Trade sanctions are often criticized as ineffective because they create incentives for evasion or as harmful to the target country's population. Loan sanctions, in contrast, could be self-enforcing and could protect the population from being saddled with "odious debt" run up by looting or repressive dictators. Governments could impose loan sanctions by instituting legal changes that prevent seizure of countries' assets for nonrepayment of debt incurred after sanctions were imposed. This would reduce creditors' incentives to lend to sanctioned regimes. Restricting sanctions to cover only loans made after the sanction was imposed would help avoid time-consistency problems.
(This abstract was borrowed from another version of this item.)
Please report citation or reference errors to , or , if you are the registered author of the cited work, log in to your RePEc Author Service profile, click on "citations" and make appropriate adjustments.:
- Seema Jayachandran & Michael Kremer, 2006.
American Economic Review,
American Economic Association, vol. 96(1), pages 82-92, March.
- Jeremy Bulow & Kenneth Rogoff, 1998.
"Sovereign Debt: Is to Forgive to Forget,"
Levine's Working Paper Archive
209, David K. Levine.
- Bulow, J. & Rogoff, K., 1988. "Sovereign Debt: Is To Forgive To Forget?," Working papers 8813, Wisconsin Madison - Social Systems.
- Bulow, J. & Rogoff, K., 1988. "Sovereign Debt: Is To Forgive To Forget?," Papers 411, Stockholm - International Economic Studies.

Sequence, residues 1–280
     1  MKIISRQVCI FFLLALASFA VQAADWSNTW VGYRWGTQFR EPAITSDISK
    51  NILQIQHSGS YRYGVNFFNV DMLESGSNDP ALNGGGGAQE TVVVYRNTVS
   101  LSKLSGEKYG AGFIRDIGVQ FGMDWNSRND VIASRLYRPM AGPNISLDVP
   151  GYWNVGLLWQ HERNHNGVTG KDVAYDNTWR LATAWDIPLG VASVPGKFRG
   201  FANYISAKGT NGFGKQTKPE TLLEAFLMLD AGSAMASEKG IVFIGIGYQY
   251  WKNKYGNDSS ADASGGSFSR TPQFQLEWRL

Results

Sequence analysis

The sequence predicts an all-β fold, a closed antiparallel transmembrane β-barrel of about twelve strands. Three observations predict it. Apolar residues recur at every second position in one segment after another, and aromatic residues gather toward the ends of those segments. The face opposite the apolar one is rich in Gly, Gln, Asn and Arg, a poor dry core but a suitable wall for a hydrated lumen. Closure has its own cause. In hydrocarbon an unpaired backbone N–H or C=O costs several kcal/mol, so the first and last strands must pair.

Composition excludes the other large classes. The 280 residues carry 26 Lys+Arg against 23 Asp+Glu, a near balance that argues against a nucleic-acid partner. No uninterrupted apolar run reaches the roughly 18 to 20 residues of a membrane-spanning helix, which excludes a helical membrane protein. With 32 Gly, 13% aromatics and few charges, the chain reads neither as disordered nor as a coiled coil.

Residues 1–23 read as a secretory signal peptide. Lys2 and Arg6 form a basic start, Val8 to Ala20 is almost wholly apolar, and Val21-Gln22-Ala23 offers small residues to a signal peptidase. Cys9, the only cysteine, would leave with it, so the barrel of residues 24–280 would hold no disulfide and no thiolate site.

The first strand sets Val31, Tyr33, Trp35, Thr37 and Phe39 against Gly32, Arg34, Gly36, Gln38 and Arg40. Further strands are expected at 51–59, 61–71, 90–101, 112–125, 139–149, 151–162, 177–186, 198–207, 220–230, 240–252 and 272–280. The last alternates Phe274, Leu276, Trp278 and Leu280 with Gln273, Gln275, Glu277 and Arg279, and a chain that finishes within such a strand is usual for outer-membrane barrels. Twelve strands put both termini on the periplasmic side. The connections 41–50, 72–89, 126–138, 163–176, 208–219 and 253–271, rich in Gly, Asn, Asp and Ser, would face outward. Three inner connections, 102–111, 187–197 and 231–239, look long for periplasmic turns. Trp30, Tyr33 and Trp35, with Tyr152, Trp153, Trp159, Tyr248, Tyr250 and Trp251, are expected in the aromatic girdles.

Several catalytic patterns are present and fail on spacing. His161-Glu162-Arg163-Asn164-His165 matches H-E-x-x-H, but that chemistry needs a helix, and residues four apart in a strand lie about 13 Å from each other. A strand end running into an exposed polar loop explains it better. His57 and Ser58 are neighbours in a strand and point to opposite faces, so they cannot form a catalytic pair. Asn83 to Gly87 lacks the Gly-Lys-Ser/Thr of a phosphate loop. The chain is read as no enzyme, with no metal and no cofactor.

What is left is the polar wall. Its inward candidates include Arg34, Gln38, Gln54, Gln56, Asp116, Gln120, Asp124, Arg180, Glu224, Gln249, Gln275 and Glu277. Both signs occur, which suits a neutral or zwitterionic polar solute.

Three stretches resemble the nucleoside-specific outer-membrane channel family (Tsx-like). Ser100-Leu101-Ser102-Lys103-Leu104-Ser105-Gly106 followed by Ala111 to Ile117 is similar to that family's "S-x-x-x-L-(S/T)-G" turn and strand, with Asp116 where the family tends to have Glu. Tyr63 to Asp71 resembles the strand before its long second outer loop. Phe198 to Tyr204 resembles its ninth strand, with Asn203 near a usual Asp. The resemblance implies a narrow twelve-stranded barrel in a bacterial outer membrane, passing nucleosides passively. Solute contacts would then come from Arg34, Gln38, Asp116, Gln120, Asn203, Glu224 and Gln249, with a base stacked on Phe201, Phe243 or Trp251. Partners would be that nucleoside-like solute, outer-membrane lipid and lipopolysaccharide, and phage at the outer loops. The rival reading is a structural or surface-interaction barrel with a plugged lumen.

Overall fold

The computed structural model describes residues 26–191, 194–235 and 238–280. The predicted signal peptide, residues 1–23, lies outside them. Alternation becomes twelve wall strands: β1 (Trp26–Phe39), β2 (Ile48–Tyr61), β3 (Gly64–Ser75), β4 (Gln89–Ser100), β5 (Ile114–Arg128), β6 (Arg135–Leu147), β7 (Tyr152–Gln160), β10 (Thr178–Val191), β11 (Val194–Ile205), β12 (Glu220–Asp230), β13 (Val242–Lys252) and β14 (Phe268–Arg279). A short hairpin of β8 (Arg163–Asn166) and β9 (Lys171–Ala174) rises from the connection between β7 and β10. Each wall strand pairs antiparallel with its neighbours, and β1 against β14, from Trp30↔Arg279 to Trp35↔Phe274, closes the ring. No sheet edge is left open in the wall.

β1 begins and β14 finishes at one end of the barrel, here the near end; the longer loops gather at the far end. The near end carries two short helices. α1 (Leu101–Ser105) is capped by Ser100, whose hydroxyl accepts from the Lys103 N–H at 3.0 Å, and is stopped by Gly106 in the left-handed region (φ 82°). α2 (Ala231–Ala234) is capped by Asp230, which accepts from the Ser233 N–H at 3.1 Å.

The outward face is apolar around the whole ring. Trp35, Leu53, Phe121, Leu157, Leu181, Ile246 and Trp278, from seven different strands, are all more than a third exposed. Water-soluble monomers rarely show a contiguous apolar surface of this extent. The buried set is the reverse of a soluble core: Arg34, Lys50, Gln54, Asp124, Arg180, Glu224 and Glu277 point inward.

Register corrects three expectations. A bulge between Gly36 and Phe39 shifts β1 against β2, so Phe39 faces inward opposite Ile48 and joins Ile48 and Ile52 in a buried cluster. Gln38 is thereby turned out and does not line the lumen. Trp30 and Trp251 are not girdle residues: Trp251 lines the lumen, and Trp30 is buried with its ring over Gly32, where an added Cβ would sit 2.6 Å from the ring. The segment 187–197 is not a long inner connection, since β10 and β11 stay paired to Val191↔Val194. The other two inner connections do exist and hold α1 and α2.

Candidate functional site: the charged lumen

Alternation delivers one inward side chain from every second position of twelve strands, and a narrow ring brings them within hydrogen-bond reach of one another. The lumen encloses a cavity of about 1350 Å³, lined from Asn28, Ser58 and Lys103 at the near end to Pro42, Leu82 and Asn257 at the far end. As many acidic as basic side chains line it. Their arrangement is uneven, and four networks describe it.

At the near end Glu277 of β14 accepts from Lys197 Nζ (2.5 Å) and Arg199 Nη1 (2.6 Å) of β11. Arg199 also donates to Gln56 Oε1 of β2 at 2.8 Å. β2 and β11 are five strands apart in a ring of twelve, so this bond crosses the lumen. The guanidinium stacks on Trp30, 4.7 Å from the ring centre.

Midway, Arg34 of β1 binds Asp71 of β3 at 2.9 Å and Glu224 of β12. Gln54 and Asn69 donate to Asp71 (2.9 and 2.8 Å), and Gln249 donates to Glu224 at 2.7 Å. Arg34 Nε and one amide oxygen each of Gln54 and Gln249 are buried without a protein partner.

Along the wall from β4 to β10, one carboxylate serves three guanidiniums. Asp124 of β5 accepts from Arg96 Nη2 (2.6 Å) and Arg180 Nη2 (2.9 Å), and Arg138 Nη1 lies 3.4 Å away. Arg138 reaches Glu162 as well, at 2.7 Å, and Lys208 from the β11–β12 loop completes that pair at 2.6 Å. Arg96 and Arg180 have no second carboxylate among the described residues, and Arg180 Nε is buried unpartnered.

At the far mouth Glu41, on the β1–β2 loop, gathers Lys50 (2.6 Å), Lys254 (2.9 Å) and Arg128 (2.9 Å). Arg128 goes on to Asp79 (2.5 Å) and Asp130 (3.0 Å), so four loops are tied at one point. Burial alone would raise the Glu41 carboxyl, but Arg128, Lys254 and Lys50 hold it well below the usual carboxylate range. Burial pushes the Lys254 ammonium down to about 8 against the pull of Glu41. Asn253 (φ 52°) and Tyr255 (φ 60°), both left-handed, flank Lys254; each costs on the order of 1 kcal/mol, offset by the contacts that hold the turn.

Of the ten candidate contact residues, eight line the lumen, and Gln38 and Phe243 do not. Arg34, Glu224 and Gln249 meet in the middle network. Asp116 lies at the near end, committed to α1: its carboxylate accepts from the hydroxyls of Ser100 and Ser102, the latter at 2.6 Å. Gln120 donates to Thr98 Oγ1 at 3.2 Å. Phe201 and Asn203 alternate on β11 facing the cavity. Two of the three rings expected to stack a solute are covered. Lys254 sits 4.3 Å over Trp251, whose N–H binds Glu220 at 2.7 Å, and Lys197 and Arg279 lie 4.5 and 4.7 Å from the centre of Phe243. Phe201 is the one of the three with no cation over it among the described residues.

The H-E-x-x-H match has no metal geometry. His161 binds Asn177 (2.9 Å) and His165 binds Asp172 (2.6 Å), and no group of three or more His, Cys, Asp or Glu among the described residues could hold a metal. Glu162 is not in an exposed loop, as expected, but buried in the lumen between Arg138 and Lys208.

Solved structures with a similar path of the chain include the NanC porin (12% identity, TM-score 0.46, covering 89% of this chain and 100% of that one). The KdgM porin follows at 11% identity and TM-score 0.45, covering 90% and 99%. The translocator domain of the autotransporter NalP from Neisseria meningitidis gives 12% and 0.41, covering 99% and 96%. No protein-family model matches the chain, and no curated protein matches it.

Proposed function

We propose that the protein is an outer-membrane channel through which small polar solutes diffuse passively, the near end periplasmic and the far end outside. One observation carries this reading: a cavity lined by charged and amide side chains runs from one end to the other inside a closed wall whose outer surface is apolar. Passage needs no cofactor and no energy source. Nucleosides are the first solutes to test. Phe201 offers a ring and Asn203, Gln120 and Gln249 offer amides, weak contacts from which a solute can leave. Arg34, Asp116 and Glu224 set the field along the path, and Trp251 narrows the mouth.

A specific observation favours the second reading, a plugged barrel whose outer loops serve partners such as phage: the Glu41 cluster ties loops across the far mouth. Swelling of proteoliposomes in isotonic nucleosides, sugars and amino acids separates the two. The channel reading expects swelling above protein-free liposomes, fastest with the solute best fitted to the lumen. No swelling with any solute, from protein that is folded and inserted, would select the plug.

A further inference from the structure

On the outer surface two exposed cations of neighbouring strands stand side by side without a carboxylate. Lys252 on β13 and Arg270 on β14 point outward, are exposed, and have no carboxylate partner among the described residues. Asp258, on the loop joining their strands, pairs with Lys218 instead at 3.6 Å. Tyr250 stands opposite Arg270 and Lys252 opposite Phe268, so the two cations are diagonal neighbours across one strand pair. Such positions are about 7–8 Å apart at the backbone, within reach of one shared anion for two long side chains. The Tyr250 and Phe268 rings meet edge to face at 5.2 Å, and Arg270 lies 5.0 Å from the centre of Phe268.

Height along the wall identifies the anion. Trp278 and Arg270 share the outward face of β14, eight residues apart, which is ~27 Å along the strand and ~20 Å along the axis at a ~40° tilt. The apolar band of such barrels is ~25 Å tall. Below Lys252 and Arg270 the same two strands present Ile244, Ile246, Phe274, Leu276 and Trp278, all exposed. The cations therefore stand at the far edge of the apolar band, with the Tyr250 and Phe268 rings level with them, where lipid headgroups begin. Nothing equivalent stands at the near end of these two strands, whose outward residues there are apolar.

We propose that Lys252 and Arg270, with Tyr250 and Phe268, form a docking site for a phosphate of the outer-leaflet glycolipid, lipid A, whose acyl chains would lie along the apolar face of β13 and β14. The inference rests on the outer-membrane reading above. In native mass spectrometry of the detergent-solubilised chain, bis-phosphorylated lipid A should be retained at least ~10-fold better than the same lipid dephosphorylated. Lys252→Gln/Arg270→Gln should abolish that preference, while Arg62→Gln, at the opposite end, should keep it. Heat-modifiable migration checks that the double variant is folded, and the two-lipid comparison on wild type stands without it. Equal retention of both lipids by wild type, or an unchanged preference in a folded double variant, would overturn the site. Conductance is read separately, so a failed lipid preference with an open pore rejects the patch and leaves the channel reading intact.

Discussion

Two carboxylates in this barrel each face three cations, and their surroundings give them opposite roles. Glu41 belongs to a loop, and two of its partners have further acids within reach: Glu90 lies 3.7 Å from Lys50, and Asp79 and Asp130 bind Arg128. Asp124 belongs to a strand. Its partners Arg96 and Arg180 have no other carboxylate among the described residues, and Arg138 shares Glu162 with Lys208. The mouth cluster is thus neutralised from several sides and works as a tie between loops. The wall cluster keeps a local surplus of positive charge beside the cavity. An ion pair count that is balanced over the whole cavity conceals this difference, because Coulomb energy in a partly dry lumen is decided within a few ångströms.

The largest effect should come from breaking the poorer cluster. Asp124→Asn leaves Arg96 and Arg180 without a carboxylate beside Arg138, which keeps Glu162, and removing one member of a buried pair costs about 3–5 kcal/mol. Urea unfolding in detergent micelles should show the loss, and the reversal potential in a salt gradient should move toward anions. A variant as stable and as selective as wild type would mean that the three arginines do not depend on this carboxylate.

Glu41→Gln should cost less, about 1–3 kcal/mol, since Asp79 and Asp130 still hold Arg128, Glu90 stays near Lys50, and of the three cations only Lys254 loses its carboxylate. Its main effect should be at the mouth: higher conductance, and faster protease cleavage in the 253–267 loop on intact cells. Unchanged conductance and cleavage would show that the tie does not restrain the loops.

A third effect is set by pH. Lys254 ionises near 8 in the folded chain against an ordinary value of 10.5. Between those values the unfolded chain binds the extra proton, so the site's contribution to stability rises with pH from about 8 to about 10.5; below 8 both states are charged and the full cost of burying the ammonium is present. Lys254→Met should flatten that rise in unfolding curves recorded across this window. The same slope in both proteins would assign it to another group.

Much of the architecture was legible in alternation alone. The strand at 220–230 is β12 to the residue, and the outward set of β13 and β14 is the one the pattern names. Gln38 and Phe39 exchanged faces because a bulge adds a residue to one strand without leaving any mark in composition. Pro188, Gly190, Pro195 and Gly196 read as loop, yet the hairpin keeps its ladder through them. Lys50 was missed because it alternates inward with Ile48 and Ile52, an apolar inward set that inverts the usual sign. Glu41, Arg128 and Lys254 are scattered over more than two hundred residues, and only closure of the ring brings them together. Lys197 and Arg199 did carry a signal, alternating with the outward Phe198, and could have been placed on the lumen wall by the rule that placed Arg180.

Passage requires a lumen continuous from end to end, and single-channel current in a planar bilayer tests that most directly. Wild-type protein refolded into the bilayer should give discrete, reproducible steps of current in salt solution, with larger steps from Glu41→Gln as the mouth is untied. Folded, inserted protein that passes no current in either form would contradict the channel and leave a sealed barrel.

- Jeremy I. Bulow & Kenneth Rogoff, 1988. "Sovereign Debt: Is To Forgive To Forget?," NBER Working Papers 2623, National Bureau of Economic Research, Inc.
- Eaton, Jonathan & Fernandez, Raquel, 1995.
Handbook of International Economics,
in: G. M. Grossman & K. Rogoff (ed.), Handbook of International Economics, edition 1, volume 3, chapter 3, pages 2031-2077
- Jonathan Eaton & Raquel Fernandez, 1995. "Sovereign Debt," Boston University - Institute for Economic Development 59, Boston University, Institute for Economic Development.
- Eaton, J. & Fernandez, R., 1995. "Sovereign Debt," Papers 37, Boston University - Department of Economics.
- Jonathan Eaton & Raquel Fernandez, 1995. "Sovereign Debt," NBER Working Papers 5131, National Bureau of Economic Research, Inc.
- Harold L. Cole & Patrick J. Kehoe, 1996. "Reputation spillover across relationships: reviving reputation models of debt," Staff Report 209, Federal Reserve Bank of Minneapolis.
- Geoffrey Brennan & Giuseppe Eusepi, 2002. "The Dubious Ethics of Debt Default," Public Finance Review, SAGE Publishing, vol. 30(6), pages 546-561, November.
When requesting a correction, please mention this item's handle: RePEc:cla:uclaol:298. See general information about how to correct material in RePEc.
For technical questions regarding this item, or to correct its authors, title, abstract, bibliographic or download information, contact: (Tim Kwok)
If references are entirely missing, you can add them using this form.